For over half a century, American cities were decentralizing, with suburban areas surpassing city centers in both population and job growth. It appears that these economic and demographic tides are now changing. Over the past few years, urban populations in America’s cities have grown faster than outlying areas, and our research shows that jobs are coming with them.
Our analysis of census data shows that downtown employment centers of the nation’s largest metropolitan areas are recording faster job growth than areas located further from the city center. When we compared the aggregate economic performance of urban cores to the surrounding metro periphery over the four years from 2007 to 2011, we found that city centers—which we define as the area within 3 miles of the center of each region’s central business district—grew jobs at a 0.5 percent annual rate. Over the same period, employment in the surrounding peripheral portion of metropolitan areas declined 0.1 percent per year. When it comes to job growth, city centers are out-performing the surrounding areas in 21 of the 41 metropolitan areas we examined. This “center-led” growth represents the reversal of a historic trend of job de-centralization that has persisted for the past half century.
As recently as 2002-2007, peripheral areas were growing much faster (1.2 percent annually) and aggregate job growth was stagnant in urban cores (0.1 percent). While the shift of metropolitan job growth toward services is aiding job centralization, the strong central growth of 2007-11 appears to be driven by the growing competitiveness of central cities relative to peripheral locations.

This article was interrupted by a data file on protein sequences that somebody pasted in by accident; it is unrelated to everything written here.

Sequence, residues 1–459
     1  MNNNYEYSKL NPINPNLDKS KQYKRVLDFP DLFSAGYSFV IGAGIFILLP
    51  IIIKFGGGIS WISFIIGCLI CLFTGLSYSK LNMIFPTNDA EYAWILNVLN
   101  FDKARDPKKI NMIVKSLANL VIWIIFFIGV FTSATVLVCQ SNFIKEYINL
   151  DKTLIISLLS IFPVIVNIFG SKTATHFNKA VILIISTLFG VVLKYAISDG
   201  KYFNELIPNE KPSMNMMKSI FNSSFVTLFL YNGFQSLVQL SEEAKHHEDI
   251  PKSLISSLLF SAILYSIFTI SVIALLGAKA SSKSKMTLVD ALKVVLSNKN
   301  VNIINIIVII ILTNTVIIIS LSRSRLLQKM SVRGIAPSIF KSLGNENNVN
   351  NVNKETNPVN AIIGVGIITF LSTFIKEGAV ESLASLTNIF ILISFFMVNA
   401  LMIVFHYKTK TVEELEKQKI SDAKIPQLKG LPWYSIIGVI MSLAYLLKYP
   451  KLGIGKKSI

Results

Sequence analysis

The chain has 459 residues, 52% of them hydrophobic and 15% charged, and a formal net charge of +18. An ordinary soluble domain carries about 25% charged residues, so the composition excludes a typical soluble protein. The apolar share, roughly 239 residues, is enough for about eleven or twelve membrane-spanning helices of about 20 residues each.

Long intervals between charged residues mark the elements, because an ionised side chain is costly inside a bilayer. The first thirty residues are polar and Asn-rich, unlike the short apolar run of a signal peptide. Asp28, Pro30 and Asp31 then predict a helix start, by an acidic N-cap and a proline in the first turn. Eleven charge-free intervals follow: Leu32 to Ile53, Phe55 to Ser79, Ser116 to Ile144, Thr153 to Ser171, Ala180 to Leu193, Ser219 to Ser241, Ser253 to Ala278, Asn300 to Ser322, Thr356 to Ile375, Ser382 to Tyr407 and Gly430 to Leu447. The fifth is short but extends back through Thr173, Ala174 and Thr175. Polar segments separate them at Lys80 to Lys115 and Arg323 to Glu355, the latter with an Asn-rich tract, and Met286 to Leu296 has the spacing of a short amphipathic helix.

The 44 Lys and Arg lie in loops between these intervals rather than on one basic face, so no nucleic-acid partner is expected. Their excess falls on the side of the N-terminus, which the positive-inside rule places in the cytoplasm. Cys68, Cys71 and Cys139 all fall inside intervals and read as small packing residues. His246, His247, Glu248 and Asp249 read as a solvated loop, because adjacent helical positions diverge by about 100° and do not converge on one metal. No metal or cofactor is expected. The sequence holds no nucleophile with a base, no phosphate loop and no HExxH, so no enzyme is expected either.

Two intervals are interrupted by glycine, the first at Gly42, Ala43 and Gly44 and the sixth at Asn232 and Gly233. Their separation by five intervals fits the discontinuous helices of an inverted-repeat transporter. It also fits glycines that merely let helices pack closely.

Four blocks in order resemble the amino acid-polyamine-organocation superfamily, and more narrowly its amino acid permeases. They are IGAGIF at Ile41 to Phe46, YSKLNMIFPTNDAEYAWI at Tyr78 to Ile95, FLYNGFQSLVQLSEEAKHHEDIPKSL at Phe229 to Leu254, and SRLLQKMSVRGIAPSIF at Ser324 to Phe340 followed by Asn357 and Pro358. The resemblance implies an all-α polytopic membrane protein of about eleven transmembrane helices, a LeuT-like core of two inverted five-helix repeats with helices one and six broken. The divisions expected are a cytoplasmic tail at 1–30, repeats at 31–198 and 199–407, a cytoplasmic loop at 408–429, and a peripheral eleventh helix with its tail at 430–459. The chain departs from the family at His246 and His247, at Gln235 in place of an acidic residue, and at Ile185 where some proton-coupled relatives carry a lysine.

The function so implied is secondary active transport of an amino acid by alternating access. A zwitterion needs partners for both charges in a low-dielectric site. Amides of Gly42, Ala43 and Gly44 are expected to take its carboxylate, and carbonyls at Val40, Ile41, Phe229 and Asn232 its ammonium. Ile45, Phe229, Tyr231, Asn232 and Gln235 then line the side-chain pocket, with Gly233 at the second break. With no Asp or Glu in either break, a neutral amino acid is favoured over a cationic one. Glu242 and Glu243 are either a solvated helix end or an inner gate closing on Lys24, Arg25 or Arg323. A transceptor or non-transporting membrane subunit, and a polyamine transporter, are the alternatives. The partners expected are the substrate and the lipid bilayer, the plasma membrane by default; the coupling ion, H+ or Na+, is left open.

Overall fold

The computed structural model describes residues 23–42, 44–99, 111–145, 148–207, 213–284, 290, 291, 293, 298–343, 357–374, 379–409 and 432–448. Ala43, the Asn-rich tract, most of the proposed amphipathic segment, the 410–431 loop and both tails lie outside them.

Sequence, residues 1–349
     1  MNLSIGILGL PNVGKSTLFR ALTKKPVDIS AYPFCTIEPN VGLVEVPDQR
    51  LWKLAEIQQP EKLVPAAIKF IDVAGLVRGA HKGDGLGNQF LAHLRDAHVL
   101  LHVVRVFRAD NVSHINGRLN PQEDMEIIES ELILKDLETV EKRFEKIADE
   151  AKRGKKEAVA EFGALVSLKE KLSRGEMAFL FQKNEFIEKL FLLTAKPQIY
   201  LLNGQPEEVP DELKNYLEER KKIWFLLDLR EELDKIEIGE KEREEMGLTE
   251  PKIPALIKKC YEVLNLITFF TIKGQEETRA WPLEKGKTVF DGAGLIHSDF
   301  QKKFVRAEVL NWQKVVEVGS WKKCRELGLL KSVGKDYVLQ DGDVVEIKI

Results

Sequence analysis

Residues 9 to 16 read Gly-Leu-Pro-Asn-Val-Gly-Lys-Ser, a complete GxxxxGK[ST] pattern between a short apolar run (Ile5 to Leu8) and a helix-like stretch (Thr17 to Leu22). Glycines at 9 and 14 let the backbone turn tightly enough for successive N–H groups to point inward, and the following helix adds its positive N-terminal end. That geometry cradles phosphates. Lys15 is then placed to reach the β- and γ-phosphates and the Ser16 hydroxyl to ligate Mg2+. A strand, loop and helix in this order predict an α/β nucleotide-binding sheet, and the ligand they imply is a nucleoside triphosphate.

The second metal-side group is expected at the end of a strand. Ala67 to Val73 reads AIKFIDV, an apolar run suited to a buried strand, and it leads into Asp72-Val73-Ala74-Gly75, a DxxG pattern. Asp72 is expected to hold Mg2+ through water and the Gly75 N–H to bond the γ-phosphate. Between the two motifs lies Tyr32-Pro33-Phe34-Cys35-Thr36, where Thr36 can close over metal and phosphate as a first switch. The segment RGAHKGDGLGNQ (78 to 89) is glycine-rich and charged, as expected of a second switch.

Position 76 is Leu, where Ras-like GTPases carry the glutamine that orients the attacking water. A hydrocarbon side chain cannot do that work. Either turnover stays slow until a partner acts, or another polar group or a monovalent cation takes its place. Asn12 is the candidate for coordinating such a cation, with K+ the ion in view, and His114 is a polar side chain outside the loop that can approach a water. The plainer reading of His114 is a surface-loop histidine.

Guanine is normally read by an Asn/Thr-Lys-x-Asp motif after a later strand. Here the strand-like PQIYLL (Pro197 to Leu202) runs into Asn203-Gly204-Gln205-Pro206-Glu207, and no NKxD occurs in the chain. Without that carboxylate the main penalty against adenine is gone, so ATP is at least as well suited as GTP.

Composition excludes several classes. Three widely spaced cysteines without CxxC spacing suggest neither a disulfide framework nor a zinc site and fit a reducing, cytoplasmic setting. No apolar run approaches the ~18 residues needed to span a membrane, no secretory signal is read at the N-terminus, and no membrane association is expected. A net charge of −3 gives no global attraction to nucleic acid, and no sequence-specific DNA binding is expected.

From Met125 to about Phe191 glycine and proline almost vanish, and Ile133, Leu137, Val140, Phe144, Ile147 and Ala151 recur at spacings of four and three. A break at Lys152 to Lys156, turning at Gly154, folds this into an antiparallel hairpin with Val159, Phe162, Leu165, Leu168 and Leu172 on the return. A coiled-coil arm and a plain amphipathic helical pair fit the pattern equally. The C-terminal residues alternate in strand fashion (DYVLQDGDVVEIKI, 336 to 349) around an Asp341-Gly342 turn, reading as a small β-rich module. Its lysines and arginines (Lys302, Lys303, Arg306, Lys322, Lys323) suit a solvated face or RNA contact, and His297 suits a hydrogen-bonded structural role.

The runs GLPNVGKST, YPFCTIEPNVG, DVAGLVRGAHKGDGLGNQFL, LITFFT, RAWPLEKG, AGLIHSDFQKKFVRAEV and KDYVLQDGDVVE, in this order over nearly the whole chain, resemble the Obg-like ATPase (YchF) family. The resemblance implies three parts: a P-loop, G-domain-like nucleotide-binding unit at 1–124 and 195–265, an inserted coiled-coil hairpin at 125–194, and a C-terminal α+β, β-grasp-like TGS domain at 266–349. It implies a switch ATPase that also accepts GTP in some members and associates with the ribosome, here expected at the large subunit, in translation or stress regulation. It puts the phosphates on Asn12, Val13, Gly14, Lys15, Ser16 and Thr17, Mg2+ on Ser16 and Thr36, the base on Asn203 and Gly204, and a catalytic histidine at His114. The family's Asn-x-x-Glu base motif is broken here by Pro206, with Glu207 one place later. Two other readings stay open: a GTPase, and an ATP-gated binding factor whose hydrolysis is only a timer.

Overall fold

Our analysis shows that city centers had unusually strong job growth relative to peripheral locations in the wake of the Great Recession. Some of the impetus for central city growth comes from the relatively stronger performance of industries that tend to be more centralized, such as finance, entertainment, restaurants, and professional services. The story is not just that job growth in central cities is improving when compared to outlying areas – city centers have also erased their competitive disadvantage relative to peripheral locations.
We undertook a shift-share analysis that allowed is to separate out the effects of changing industry mix from relative competitiveness. The data make it clear that city centers are more competitive in 2011 than they were in 2007. While city centers had a negative competitive effect in the 2002-07 period, their relative competitiveness for industry has been equal to peripheral locations from 2007-11.
The strength of city centers appears to be driven by a combination of the growing attractiveness of urban living, and the relatively stronger performance of urban-centered industries (business and professional services, software) relative to decentralized industries (construction, manufacturing) in this economic cycle. While it remains to be seen whether these same patterns continue to hold as the recovery progresses, (the latest LEHD data on city center job growth are for calendar year 2011), there are structural forces that suggest the trend of center-led growth will continue.
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